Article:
This is Clare Rutz reporting from Phnom Penh in Cambodia.
I received a phone call an hour before my scheduled visit at The Sharing Foundation in Phnom Penh. The director of the project wanted to confirm that I had a car with a roof to get me there because the rainy season decided to live up to its name and dump water on the entire city. I explained that I was actually planning on just climbing on the back of a motorbike in about five minutes. He recommended my visit for another day and I thanked him for his intentions on keeping me dry. Forty-five minutes later I arrived looking as if I had just taken a swim. The rain has never really bothered me, and I was especially looking forward to this visit.
The Sharing Foundation can be found in a small village that acted as a nice break from the capital of Cambodia. Dirt roads that were lined with houses next to the water and fishing gear, motorbikes, and families shielding themselves from the rain were the main attractions in this simple town. When I pulled up to the orphanage thirty little children greeted me at the entrance. It was the hour for reading, but I was too much of a distraction for any real work to get done. There are 74 children residing at the orphanage, many of which are living with HIV, but smiling nonetheless. The children were obviously well loved and looked after with 21 nannies on the premises. All the children go to school and are encouraged to continue their education for as long as possible or necessary. This year The Sharing Foundation supports 38 university students, with their first 7 graduating. After touring the facilities of the orphanage, which included a doctor’s office and playground, I returned back to the reading children. Their curious eyes and big smiles would encourage anyone to stay awhile to play, but I had to move on. This was only a fraction of what The Sharing Foundation did.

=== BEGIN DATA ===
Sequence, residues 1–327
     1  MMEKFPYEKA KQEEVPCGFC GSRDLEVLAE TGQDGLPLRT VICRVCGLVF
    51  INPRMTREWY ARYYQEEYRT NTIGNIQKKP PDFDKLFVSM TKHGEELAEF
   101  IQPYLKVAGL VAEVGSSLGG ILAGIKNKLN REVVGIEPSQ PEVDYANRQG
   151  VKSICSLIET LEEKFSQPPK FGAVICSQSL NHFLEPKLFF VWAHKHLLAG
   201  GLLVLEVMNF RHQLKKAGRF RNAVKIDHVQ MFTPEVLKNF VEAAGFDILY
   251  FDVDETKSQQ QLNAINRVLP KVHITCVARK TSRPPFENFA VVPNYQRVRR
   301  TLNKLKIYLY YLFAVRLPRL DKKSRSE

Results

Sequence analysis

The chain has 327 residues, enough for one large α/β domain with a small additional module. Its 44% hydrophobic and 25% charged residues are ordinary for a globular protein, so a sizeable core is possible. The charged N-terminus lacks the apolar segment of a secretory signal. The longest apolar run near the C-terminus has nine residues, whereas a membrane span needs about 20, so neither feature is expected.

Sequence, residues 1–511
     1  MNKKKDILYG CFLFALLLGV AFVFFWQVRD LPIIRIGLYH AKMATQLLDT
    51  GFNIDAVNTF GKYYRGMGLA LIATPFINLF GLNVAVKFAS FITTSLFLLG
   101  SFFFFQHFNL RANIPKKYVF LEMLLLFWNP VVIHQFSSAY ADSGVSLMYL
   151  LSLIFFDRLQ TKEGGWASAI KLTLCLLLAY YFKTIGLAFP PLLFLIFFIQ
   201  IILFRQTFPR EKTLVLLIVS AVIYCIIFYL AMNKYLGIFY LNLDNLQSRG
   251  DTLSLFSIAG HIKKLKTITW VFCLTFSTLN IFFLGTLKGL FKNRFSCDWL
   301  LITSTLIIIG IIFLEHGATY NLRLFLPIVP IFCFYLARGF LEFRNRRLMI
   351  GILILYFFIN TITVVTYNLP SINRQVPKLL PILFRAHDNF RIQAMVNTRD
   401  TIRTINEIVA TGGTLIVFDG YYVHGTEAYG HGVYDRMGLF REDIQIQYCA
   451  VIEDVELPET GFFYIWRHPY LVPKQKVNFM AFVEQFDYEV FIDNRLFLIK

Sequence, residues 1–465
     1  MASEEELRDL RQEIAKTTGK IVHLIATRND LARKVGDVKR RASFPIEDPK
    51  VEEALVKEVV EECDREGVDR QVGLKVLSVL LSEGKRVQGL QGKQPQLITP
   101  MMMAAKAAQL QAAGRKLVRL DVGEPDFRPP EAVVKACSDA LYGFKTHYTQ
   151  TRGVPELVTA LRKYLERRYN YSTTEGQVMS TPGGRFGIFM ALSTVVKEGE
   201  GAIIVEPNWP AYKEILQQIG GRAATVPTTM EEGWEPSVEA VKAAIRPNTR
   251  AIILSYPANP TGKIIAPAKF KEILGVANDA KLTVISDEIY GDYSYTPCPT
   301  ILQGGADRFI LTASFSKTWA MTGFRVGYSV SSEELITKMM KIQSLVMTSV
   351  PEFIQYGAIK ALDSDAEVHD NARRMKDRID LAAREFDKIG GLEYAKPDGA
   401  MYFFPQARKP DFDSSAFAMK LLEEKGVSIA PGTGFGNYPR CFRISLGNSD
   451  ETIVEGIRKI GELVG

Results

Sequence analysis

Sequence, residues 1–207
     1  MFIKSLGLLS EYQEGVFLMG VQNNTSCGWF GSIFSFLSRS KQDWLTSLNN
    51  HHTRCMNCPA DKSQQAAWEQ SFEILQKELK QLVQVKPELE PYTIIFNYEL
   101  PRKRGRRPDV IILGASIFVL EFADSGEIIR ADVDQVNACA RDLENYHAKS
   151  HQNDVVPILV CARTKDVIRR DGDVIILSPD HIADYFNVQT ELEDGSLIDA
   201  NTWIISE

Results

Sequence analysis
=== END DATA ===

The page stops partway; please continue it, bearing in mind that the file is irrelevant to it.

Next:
The next stop was the sewing project, which was an opportunity for women to train and work in garment manufacturing. I climbed the stairs to what looked like an ordinary house to a room filled with diligently working women. They smiled widely as I entered and were more than happy to show off the work they were doing at the time. They explained to me that now when they apply for a job at a factory they will be paid a higher salary than normal because they have training. I thanked the women for their hospitality and we jumped back into the jeep to visit the agricultural project.
The rain was still coming down and the road to the fields was thick with wet mud. We drove carefully to the workers who were still working hard despite the pelting rain. The program allows the poorer families of the village to come and work in the fields for a consistent salary if they agree to send their children to school. Parents often keep their children from school in order for them to work or help around the household. Too often the importance of education is just not understood, but with the help of this project the benefits of children attending school is explained and enrollment is required.
The projects I visited were only three of the sixteen The Sharing Foundation is comprised of, but the work that was unseen should be mentioned. The other projects support pregnant women with HIV/AIDS, university students, children at the state run orphanage, and there is also an English program for all the children in the village. It would be enlightening to see the village without the help of The Sharing Foundation. Many families are moving out of poverty because of this tiny non-profit tucked away in this small community. I truly hope that in ten years I will return back to this same village and meet the adults who had been educated by The Sharing Foundation. The village will have inevitably changed, and because of the projects I visited and GlobalGiving donors, I believe it will be for the better.
When asked what she would tell her friends about this project, Clare said: "Great: They are making a difference."